I don't want to come off as endorsing Christgau's "I miss the monoculture" proclamation (during his terrific John Mayer talk), but just as there is content to that sentiment, in yearning for a shared public culture that maybe never existed, I'd like the conference to combine its diversity with a strong sense of focus. (Which may mean that not all of the all-stars get to present every year - which might be a promotional obstacle but still seems the right road. That's what you call affirmative action, no?)

That said, I do think the "conflict and change" theme prompted people to sharpen up their arguments this year - there were more strong assertions and on-a-limb theories, along with the excellent research and analysis. For instance, in Jody Rosen's utterly ass-kicking talk on early 1900s vaudeville wild girl Eva Tanguay (which I hope becomes a book and a documentary and, hell, PBS series on vaudeville and the American experience), he didn't stop at asserting that she was the first-ever pop star (!) and that her all-but-forgotten influence can be traced in the styles and manners of female image-making and music-making alike well into the jazz age; he added that pop history has overlooked vaudeville's vital role in between minstrelsy and the age of recording, and that it's a distortion that needs to be addressed.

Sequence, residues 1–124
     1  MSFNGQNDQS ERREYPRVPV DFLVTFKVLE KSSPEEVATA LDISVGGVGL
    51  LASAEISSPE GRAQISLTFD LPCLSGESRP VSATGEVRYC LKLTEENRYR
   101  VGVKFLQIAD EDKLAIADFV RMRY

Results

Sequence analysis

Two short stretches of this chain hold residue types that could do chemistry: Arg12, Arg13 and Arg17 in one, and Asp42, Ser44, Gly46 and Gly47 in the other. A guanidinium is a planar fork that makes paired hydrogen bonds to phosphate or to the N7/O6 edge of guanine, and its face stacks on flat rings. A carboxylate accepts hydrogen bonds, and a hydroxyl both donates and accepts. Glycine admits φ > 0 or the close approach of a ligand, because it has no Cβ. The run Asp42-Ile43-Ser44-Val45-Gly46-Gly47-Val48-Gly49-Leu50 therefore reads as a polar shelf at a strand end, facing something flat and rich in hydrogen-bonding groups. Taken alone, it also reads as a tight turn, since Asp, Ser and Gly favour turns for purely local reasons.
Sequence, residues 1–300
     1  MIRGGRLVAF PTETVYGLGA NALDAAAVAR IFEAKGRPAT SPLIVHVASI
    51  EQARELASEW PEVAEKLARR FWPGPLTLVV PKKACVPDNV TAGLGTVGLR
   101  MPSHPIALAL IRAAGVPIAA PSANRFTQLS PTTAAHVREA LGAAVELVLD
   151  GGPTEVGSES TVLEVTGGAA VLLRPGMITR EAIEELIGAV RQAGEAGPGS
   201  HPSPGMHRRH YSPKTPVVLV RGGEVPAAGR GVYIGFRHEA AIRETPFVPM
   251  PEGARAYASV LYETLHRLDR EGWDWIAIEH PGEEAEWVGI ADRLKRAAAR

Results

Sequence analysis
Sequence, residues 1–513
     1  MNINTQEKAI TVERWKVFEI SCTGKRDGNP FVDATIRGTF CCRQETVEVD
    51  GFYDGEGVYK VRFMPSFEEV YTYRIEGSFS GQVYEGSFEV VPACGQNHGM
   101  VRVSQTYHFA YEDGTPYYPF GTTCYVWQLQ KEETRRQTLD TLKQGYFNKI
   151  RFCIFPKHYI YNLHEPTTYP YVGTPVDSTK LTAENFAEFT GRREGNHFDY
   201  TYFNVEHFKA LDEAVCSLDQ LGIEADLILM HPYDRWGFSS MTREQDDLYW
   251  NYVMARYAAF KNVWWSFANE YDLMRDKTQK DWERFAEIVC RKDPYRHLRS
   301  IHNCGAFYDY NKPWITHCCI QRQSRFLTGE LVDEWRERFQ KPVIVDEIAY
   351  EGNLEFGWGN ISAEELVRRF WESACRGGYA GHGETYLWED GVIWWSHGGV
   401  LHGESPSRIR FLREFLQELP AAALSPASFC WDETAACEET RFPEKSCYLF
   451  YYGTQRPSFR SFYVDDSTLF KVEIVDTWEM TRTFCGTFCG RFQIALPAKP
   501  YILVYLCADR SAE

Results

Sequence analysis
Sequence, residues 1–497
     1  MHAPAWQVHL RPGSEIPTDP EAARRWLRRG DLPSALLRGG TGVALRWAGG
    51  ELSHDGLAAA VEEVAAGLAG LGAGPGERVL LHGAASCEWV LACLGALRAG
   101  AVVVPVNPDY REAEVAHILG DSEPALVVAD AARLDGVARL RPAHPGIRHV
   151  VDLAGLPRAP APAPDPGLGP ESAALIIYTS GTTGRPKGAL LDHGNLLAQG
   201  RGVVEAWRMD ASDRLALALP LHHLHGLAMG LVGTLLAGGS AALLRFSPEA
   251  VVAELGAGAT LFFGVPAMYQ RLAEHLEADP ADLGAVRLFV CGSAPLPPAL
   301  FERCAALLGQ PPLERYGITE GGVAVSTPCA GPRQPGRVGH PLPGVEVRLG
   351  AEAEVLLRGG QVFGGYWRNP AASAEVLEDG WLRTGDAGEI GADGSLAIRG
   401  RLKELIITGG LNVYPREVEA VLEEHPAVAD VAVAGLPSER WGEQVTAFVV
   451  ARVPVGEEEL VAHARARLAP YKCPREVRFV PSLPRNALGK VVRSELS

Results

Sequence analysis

However, in my experience the stronger theses didn't lead to so many really lively, provocative Q&A; sessions - maybe because the schedule was so packed that people were thinking more about where they were headed next, and also felt run a bit ragged?

I won't go into all the other fine work I saw and heard, let alone all that I missed. (Do a Google blog search on "Emp Conference" and you'll find a nice set of reports.) But despite my (I hope constructive) criticisms, it was a great conference. As always, I can't wait for next year.

Read More | General | Posted by zoilus on Sunday, April 20 at 11:10 PM | Linking Posts | Comments (2)

 

April 16, 2008

Bona valetudo melior est quam maximae divitiae

Pop Conference-related distraction meant that I missed the moment when this news, about Mountain Goats singer/songwriter John Darnielle dealing with unspecified "chronic health issues," circulated over the past couple of weeks. Zoilus readers know how much John's work means to me (and to many others), so let's all send healing vibes North Carolina way. The very best wishes to John and his loved ones.

Here, by the way, is a video of John D. making a cameo appearance at a Weakerthans show in NC and duetting with John K. Samson on "Anchorless," on April 9 - John D. certainly seems vigorous enough (not to mention tremendously stoked) here, which is nice reassurance that whatever is up won't keep our man down long.

General | Posted by zoilus on Wednesday, April 16 at 7:03 PM | Linking Posts | Comments (1)

 

April 15, 2008

What's the Matter with